Quantifying Effects of Improvement: for Finance & Accounting Forecast
The Company website’s “Contact Us” page was redesigned with a prominent Chat Option September 29, 2014. This Expansion was an initiated to promote Chat and decrease Call Volume. Although chat volume increased after the September 29th expansion, call volume remained the same. A multivariate regression analysis was conducted to examine the quantitative effects of the chat expansion on call volume and reasons that the call volume remained steady. The resulting model accurately predicts peaks and troughs in chat volume at the 99.99% confidence level (F=71.40, p-value<.0001). Likewise, the model is a good representation of the variation in the process with an Adjusted R-squared of 72%. Holding the other regressors constant, the Chat Volume increased by about 4563 or about 50% per day since the expansion. This was almost twice the increase that resulted from the secondary iPhone release. Not surprisingly, each call that is answered within 20 seconds, decreases Chat Volume by 3415.15. Extrapolations cannot be made outside of the date parameter used in this particular analysis.
Determining Predictors for High Achievement in Math:
An Ordinal Logistic Regression Analysis
“Data-based decisions” is quickly becoming the buzz in education. Analyzing data can help to identify solutions to problems, clarify complex issues and find ways to effectively use resources and can lead to better decisions. The use of assessment data is one specific type of data-based decision making that can be used to drive instructional improvement. Consequently, assessment and instruction are working together in many schools. The goal of this research is to eliminate as much bias as possible from the identification of students with the potential for high mathematics achievement.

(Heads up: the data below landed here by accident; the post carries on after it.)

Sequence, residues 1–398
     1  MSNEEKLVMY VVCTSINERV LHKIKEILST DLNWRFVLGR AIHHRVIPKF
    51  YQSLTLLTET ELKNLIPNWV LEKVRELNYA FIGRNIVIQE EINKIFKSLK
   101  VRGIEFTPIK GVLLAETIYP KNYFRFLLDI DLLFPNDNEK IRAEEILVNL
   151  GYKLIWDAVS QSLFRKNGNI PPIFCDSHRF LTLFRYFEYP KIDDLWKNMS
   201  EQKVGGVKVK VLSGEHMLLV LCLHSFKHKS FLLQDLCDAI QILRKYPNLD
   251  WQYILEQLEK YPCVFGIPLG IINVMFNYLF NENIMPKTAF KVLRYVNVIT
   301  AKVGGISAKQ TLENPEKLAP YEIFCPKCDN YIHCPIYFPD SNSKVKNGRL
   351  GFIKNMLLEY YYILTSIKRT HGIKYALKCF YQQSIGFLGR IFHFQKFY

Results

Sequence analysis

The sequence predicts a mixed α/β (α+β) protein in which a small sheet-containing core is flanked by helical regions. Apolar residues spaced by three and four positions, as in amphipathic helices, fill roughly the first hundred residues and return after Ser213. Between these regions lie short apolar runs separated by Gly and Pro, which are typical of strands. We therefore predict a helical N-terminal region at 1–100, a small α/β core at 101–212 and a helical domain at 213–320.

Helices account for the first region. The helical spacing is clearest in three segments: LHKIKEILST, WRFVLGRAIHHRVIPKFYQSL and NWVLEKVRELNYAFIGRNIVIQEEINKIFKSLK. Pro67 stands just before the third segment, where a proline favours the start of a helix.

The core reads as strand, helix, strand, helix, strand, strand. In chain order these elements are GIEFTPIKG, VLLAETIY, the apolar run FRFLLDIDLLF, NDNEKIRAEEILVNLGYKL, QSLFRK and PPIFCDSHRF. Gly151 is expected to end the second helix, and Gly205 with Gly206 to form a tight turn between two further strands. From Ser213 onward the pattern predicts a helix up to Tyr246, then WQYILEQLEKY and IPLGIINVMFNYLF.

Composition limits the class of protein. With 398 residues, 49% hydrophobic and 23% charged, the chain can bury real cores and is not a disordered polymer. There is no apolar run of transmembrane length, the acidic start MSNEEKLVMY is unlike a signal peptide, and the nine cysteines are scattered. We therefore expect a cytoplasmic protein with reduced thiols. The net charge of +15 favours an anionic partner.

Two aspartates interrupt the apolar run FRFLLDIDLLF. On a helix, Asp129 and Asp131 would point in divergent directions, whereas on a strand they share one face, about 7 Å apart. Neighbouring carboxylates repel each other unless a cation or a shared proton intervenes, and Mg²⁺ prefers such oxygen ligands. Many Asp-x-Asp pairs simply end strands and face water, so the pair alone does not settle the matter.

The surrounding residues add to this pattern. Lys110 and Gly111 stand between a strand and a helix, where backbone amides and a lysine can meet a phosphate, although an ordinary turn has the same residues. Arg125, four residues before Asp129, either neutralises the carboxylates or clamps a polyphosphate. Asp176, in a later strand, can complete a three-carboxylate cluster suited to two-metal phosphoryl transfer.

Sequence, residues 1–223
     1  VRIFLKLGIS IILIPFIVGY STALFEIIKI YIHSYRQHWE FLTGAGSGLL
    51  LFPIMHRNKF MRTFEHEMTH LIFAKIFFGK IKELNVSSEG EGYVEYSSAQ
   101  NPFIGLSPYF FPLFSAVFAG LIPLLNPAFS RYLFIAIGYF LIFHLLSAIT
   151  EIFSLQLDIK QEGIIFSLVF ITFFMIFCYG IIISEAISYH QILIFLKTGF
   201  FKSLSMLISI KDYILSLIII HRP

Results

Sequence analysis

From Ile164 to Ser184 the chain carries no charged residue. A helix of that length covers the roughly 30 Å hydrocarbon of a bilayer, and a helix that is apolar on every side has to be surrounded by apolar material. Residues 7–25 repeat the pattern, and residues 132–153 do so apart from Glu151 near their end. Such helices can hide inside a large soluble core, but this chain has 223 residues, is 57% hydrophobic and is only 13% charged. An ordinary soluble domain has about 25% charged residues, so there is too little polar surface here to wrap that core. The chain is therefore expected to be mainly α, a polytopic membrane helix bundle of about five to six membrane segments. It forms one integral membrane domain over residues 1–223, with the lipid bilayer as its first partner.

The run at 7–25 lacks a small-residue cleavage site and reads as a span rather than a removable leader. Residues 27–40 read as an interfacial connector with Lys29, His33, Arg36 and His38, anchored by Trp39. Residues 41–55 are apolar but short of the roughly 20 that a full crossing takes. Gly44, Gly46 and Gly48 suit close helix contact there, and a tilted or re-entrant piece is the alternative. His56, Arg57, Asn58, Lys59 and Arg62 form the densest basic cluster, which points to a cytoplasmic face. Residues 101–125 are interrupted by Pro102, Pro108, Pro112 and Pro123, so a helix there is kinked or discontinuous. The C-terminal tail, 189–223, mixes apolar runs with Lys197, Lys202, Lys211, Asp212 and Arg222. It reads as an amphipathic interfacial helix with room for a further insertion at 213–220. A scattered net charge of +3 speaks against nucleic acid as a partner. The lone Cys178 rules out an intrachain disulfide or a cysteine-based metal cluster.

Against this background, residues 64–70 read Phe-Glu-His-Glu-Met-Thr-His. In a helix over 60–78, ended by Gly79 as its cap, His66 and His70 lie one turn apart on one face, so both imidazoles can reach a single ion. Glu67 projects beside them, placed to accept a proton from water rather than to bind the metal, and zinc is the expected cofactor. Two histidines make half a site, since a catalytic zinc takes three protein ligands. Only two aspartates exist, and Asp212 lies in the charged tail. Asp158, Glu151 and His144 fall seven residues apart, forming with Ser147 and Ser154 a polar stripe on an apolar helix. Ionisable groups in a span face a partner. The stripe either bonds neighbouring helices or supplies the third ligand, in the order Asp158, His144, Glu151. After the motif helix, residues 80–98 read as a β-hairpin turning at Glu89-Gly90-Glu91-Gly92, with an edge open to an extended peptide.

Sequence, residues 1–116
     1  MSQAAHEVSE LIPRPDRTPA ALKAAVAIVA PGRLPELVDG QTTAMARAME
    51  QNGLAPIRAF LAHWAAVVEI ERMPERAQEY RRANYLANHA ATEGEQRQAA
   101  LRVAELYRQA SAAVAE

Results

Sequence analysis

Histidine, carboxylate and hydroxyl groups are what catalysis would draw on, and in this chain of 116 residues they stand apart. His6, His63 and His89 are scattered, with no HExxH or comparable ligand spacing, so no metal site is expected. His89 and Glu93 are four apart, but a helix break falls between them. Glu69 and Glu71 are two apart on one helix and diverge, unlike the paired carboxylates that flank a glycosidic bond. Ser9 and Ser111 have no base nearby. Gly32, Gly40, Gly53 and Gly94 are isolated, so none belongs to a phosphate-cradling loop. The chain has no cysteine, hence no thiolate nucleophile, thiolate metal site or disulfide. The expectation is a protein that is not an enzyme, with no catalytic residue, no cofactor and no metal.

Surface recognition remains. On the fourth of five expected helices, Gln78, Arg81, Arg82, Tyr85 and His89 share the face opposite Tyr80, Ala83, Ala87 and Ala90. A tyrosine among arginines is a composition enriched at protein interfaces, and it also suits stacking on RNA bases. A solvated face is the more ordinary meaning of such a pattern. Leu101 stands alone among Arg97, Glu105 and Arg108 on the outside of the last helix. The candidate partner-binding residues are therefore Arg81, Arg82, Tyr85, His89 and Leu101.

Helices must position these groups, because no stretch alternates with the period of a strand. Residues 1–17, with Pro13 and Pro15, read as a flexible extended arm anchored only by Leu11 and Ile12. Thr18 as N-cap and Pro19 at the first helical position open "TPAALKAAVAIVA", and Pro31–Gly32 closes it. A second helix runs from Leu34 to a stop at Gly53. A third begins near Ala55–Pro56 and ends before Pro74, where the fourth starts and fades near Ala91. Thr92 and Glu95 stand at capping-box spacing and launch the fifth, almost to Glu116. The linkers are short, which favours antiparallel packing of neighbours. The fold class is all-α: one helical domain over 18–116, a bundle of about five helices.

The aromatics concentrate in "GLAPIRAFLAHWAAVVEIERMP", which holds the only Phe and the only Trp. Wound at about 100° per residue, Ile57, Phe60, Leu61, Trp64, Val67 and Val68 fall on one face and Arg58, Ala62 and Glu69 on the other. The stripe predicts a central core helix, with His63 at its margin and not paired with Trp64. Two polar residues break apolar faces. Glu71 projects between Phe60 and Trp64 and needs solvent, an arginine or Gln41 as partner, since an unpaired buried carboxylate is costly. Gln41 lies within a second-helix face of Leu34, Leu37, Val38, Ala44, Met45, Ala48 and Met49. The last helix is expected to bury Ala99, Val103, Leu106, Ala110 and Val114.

To aid in predicting future success or upcoming potential difficulties for the student, mathematical models could be developed to predict future success or identify possible trouble or fertile areas that may need attention. To capture a large percentage of would-be high-achieving students, these models would also need to include teacher rating scales, classroom assessment scores, and standardized test scores from most of a district or state. These data are not available to the public, and so a preliminary model will be developed using de-identified data that was made available by David Loham of Riverside Publishing.
The purpose of this longitudinal quantitative study is to determine a model using just the Cognitive Abilities Test (cogAT) and Iowa Tests of Basic Skills (ITBS) that can be used to predict high math achievement on the Iowa Tests of Basic Skills (ITBS). This study will explore which, if any, ITBS and/or cogAT subtests can be used to identify those potentially high achieving math students.